Instead of generating a rush of sales, the festive ‘must have’ window display has fueled a flood of social media posts from passersby and the world at large, outraged by the ‘grotesque’ and ‘vomit inducing’ display of a well-clothed David Gandy next to a scantily clad female model.
At the root of many complaints is that the High Street store is inadvertently contributing to a ‘normalisation of damaging gender stereotypes’, according to shopper Fran Bailey who posted a photo of the offending shop front to the Facebook group Feminist Friends Nottingham.
To be clear: @marksandspencer believe that the 'MUST HAVES' are:
For MEN: 'outfits to impress'
For WOMEN: 'fancy little knickers'
Imagine for a moment if those window displays were reversed.
Go on M&S .... we are watching.
— FiLiA (@FiLiA_charity) November 18, 2018
Speaking to the Shropshire Star Bailey wrote: “It’s pandering to notions of gender that are so outdated that it’s unbelievable that it’s still being spouted out. I’m disgusted because I’d have thought that M&S was a grown-up store that knew better.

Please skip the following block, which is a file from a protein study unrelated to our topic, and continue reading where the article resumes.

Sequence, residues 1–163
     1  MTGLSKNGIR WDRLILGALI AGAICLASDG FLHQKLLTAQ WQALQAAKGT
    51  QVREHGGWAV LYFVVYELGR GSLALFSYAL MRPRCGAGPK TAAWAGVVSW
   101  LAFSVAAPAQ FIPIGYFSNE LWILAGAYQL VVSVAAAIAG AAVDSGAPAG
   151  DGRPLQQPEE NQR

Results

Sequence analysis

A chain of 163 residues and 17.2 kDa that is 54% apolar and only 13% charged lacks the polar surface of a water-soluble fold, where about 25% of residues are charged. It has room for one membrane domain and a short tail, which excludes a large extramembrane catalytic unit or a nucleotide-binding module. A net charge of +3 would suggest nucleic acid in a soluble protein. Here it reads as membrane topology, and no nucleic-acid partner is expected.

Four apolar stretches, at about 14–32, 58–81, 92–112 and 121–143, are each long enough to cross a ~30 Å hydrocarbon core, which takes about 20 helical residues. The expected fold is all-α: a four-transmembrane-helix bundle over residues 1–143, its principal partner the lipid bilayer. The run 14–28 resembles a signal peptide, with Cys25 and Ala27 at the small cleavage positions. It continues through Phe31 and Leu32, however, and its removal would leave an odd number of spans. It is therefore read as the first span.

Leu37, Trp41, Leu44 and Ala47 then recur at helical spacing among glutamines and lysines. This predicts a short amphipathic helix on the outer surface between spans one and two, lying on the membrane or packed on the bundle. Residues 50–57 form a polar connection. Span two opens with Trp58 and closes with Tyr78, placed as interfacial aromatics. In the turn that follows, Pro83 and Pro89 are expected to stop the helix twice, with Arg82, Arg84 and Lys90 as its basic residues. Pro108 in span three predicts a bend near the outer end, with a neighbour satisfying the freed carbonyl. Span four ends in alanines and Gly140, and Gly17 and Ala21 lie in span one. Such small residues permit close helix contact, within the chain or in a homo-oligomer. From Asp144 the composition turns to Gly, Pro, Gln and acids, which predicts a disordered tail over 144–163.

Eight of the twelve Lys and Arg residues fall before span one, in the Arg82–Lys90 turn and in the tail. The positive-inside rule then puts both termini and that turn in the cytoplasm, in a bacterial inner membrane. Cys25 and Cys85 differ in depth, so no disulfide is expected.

“I know M&S is not the worst offender by any means but this particular juxtaposition is just grotesque.”
In a statement, M&S responded: “We’ve highlighted one combination in our windows, which are part of a wider campaign that features a large variety of must-have Christmas moments, from David Gandy washing up in an M&S suit through to families snuggling up in our matching PJs.”
M&S has chosen to focus on products rather than 'blockbuster creative' for its 2018 Christmas campaign.